Yes you need to be back in a house to do serious baking.   I've got a wood-fired oven on the patio still needs finishing off with a decent chimney.   Until then my electric oven continues to be abused, with 3 bricks on the middle shelf and idling at full heat for hours to try and retain a modicum of heat; what a struggle!


If you're working with Mini on rye, then your fourtunes will prosper.   She knows so much, and what she doesn't know, she'll make a point of finding out straightaway.


Experimenting with rye in a tin is great.   We made 000s of these loaves; either as Rossisky or Borodinsky.   Your rye culture should be sour for maximum benefit.  Look in the references above to the discussions I had with Nico.   He bakes some great rye bread, so check his blog too if you can.  This is a good thread: http://www.thefreshloaf.com/node/16079/rye-sour-fermentation-how-long


Well I'm trying to hold back some long-fermentastion Gosselin dough in my fridge right now...and it's kicking, even tho' the fridge is down to 5*C.   I'm not anticipating baking until late tomorrow morning, so I hope the retard works fast!!


Good to hear from you, and best wishes


Andy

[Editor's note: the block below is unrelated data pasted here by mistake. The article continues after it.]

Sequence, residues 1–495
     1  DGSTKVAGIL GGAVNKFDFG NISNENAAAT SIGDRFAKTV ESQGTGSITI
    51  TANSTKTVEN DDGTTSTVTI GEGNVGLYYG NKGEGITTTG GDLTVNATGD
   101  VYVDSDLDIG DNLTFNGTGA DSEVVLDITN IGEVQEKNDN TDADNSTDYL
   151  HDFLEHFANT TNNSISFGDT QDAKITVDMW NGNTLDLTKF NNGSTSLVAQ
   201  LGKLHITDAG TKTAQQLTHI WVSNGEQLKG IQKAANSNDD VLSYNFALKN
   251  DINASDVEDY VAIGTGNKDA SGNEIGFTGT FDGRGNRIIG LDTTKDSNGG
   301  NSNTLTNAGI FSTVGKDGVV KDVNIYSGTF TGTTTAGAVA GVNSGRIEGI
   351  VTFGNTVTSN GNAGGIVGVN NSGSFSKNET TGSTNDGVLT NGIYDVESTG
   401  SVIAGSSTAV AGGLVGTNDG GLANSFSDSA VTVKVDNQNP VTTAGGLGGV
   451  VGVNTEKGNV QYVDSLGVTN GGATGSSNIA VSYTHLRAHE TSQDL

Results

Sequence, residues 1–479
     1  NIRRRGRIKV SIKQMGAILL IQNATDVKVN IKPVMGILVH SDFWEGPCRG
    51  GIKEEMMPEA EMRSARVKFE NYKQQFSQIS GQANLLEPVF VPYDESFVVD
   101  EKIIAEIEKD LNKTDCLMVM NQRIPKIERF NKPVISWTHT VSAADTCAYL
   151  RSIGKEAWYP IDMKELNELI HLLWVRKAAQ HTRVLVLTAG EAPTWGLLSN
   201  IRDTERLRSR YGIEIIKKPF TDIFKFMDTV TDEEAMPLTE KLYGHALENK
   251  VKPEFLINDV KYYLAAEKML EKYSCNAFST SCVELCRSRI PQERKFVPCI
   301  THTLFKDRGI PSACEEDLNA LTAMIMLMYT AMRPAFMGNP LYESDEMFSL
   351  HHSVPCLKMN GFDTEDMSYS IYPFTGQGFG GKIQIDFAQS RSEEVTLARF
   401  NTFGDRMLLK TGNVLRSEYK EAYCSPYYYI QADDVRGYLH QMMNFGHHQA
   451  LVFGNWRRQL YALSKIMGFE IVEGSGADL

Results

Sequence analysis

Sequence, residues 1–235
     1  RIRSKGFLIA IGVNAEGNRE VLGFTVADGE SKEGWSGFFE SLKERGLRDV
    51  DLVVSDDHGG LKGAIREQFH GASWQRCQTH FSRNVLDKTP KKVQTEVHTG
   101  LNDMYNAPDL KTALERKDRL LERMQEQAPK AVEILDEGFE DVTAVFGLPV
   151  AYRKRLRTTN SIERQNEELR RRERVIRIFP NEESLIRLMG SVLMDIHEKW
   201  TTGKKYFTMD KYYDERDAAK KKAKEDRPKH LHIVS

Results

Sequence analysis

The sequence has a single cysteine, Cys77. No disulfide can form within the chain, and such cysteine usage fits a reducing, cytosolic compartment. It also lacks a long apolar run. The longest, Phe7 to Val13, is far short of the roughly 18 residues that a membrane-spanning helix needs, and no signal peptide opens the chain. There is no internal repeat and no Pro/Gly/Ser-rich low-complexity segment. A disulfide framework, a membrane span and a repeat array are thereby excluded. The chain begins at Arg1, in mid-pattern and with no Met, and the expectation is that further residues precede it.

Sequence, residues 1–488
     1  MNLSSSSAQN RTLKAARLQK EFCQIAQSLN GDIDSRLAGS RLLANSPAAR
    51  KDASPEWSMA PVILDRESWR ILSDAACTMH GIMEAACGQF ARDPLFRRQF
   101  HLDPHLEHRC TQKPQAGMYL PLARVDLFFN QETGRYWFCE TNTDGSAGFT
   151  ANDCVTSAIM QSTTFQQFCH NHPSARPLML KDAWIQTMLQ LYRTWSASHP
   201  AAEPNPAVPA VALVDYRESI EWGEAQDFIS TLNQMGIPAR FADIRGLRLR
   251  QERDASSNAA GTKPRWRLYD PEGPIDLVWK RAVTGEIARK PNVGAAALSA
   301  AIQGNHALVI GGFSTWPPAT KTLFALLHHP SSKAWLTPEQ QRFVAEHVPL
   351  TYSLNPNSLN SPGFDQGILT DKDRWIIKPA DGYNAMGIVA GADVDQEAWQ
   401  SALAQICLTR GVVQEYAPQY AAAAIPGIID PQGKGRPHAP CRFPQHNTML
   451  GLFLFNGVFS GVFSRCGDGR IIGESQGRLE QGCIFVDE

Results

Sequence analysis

Doc Tracy's picture
Doc Tracy

Thanks for all the tips. I'll check out that thread when I get back from the dog show this afternoon. Right now I have to go show my dobergirl. Wish me luck!

ermabom's picture
ermabom

I don't do the high percentage ryes so I can't help there. But when I bake WW/multigrain/transitional sourdough, I find I have to leave the dough out for a while before refrigerating to get a good rise. My timing for all sourdough breads (no commercial yeast) is as follows:


Evening 1: refresh starter, create soaker (leave on counter overnight, refrigerate in the am)


Evening 2: mix final dough at fridge temps (leave on counter overnight, refrigerate in the am). I don't knead, just do 4 stretch and folds at 15-20 mins interval.


Evening 3: pull dough out, shape, proof and bake


 


 

Doc Tracy's picture
Doc Tracy

Well, baked the WW sandwich loaf this AM. To say the least, it needs work. It rose nicely the for bulk rise. After shaping I gave it about 3 hours on the countertop with very little rising. Put it in the fridge. Brought it out last night and let it rise overnight. It was still 2 inches from the top of the loaf pan this morning but the gluten strands appeared to be breaking and it looked overproofed so I baked it. It is very, very dense. Also, very, very sour which tastes good but makes me wonder-